Amazon Leans Into Consumer Love for Biometrics With Expanded Palm Payments

Mega-retailer Amazon’s scaled-up rollout of its pay-by-palm technology, One, a month after its announcement, may not be the first offering of such technology, but the sheer number of stores receiving One at once may make it the most ambitious.

This ambition is simply responding to consumer demand, however, as “Consumer Authentication Preferences for Online Banking and Transactions,” a PYMNTS and Entersekt collaboration, made clear. The report found that over half of consumers who have used biometrics as an authentication method prefer the technology.

Consumer use of and preference for authentication methodsAlong with being consumers’ clear favorite authentication option, biometrics technology offers businesses and retailers additional benefits, such as the ability to incorporate eCommerce-like data capabilities into brick-and-mortar locations for a more cross-channel approach. For example, employees could be able to greet guests by name and reference their order history after a biometrics scan, aligning with restaurants’ efforts to make their customer experiences more personalized.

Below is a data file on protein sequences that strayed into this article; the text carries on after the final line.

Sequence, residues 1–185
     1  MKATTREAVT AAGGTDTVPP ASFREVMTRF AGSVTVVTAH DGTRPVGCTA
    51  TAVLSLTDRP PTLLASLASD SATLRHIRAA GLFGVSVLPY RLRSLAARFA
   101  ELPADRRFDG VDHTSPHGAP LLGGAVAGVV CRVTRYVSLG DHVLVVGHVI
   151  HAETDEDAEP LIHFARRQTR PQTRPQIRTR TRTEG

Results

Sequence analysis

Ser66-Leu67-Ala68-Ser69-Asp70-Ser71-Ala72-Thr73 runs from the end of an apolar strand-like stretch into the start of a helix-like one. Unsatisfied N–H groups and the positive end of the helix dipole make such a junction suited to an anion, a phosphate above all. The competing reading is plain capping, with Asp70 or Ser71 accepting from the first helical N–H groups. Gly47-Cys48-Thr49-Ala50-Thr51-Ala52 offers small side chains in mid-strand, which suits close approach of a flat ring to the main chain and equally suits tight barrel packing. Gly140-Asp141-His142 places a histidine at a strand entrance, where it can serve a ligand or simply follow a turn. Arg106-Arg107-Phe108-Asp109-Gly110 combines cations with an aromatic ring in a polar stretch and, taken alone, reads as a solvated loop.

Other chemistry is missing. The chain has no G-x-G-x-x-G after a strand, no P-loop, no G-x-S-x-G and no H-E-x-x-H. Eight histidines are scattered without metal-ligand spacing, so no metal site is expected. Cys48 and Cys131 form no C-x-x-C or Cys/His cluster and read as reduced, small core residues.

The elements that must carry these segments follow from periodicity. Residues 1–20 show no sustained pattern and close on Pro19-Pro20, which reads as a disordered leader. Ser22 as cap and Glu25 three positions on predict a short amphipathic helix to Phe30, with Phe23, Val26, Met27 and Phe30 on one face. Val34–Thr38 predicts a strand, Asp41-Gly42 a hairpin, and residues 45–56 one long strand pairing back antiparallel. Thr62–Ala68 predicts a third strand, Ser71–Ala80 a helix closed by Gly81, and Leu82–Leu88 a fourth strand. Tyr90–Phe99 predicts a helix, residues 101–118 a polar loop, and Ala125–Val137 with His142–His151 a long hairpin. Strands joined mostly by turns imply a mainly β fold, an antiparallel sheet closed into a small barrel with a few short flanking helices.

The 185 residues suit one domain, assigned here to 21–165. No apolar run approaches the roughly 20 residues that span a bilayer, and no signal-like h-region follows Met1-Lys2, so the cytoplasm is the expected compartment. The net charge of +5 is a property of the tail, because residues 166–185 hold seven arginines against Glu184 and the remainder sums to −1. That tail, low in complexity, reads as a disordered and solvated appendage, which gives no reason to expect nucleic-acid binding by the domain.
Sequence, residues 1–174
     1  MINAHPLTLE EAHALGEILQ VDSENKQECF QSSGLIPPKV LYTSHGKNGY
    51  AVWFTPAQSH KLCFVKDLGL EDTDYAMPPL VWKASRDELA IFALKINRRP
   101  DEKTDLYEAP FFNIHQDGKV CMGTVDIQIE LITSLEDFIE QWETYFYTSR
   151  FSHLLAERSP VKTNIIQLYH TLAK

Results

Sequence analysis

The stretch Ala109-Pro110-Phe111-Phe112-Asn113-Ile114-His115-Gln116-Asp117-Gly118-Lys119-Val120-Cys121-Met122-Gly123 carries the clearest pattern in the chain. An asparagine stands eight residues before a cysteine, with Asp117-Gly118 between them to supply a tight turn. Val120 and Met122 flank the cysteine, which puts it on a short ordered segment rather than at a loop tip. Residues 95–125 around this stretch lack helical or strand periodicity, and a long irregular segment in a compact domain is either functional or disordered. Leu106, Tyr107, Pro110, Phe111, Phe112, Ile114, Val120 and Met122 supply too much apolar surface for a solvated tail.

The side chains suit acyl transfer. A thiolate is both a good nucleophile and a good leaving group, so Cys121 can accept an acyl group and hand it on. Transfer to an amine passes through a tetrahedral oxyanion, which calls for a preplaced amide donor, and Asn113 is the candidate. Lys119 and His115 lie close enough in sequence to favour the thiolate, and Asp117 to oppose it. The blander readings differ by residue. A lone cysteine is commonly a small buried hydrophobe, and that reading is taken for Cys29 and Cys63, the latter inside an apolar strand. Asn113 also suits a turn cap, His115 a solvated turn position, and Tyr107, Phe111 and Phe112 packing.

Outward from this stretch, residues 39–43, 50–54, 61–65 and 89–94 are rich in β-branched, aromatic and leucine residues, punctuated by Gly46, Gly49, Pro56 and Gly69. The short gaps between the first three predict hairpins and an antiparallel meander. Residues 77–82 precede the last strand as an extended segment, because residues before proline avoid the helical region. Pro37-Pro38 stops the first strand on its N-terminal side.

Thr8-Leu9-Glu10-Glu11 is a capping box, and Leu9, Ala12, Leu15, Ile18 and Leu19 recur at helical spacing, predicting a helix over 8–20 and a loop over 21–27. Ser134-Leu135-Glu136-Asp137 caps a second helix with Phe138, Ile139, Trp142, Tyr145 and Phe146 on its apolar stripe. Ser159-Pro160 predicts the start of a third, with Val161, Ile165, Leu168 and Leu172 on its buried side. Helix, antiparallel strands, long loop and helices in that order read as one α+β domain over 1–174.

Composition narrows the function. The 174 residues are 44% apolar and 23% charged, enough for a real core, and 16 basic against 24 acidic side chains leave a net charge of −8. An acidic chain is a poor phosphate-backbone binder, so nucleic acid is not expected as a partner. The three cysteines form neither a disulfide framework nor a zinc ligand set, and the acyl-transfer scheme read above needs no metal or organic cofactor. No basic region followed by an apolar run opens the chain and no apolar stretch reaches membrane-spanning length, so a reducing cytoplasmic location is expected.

In a PYMNTS interview, George Hanson, senior vice president and chief digital officer at Panera Bread, detailed these and other drivers behind the chain using the Amazon One palm payment technology beginning in March. With an initial rollout of two stores, Panera’s strategy also included how to better engage consumers’ favorite accessory: their mobile device.

“What we’re starting to do is bring these digital capabilities into the cafe and into what traditionally have been non-digital channels,” Hanson said. “The [point of sale (POS)], for example, with Amazon One, and last year, we rolled out contactless dine-in, which really put the guests in control of their in-café dining experience using their own phones.”

“We’re leveraging what the guests have told us and what they continue to show us, which is that they’ve increased their digital adoption,” he added. “They expect their phone to be a part of every interaction at every access point. We’re looking at all the areas that traditionally have been offline and adding value to the experience, leveraging our digital capabilities, and the guest is responding very favorably.”

FinTechs and other companies such as Amazon keep rolling out biometrics authentication methods, and consumers prefer them to passwords and PINs. While it’s impossible to tell if Amazon’s platform will ultimately be the widely adopted winner, its speed to market and potential to scale suggests it may be a strong contender.